Tip of the day #40, hanging panels by yourself. - Hot Rod Forum : Hotrodders Bulletin Board
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Old 01-04-2006, 06:50 PM
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Tip of the day #40, hanging panels by yourself.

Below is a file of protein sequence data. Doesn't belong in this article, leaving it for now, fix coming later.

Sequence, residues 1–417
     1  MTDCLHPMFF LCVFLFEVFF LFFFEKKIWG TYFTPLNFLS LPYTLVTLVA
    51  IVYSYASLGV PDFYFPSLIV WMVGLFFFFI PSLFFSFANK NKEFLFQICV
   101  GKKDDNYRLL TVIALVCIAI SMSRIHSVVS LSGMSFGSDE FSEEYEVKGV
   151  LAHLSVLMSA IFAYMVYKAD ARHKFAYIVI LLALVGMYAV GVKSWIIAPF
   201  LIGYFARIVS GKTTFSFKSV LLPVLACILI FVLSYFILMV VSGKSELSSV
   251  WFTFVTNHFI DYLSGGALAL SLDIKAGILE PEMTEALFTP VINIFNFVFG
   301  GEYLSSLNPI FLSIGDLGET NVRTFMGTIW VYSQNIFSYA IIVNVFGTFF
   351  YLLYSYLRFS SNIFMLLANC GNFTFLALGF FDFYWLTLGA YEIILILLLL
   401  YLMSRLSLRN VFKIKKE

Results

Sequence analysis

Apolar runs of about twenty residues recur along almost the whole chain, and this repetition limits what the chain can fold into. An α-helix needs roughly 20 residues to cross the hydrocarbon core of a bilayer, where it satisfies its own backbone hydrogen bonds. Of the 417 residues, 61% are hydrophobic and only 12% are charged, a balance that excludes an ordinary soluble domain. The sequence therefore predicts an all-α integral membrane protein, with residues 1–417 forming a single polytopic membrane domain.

If your like me and usually don't have help (or when your dad helps, he has no patience for getting things into position and starting bolts) here is what I have done after jambing parts and its time to install them. For doors they have a stand for installing them yourself, but I don't have one. I stack tires and blocks of wood so the height is above the rocker, and set the door on the tires, and have it set in the open position where it will line up at the right angle with the hinges. I've also seen mentioned that you can take a bolt the same thread is the plate in the door that the hinges are bolted to, and cut the head off the bolt and use one in one of the upper hinge threads and one in the lower is an alignment aid, then once you have the door in place and the other bolts started, unthread the studs you used for alignment and start those bolts. I haven't done that yet though. Some cars are pretty cramped quarters where you have to start your bolts. Most deck lids are not too bad. Get you bolts and ratchet ready and set where you can reach them on each side by the hinge. Grab the decklid with your hand supporting the back in the middle and place above your hinges. Keep supporting the back of the decklid with your hand, let the deck lid rest on your head or shoulder, and with your free hand start your bolts and tighten. Once it is in place and the bolts are tightened, then you can worry about adjustment. You may want to place some blankets (jim an electric may work, but really wouldn't have to turn it on, for those that get the joke) on the car where the back of the decklid meets in case it does slip back too far. Some smaller, lighter hoods you can also install yourself. Grab one hand on each side of the hood, rest the front of the hood against your body or legs for leverage, and carefully set between the fenders, then you can work it up toward the hinges. The real challange was when I put a large heavy hood on a mustang which hinges have springs and stay in the up position. This I did by finding away to hang the hood, and had the car set in neutral. Then i swung the hood up over the hinges as I rolled the car forward. Wasn't too fun to do and worrying about new paint besides. I suggest you wait with a decent side hood until you have help. Just be safe when doing things by yourself, and remember getting a scratch or damaging something, is better then you being hurt. One thing not to do by yourself. Don't load a toolbox full with tools into your truck by yourself. Empty the thing out and take out the drawers. I was in a hurry and it was only a small box, but my back hurt for awhile after that.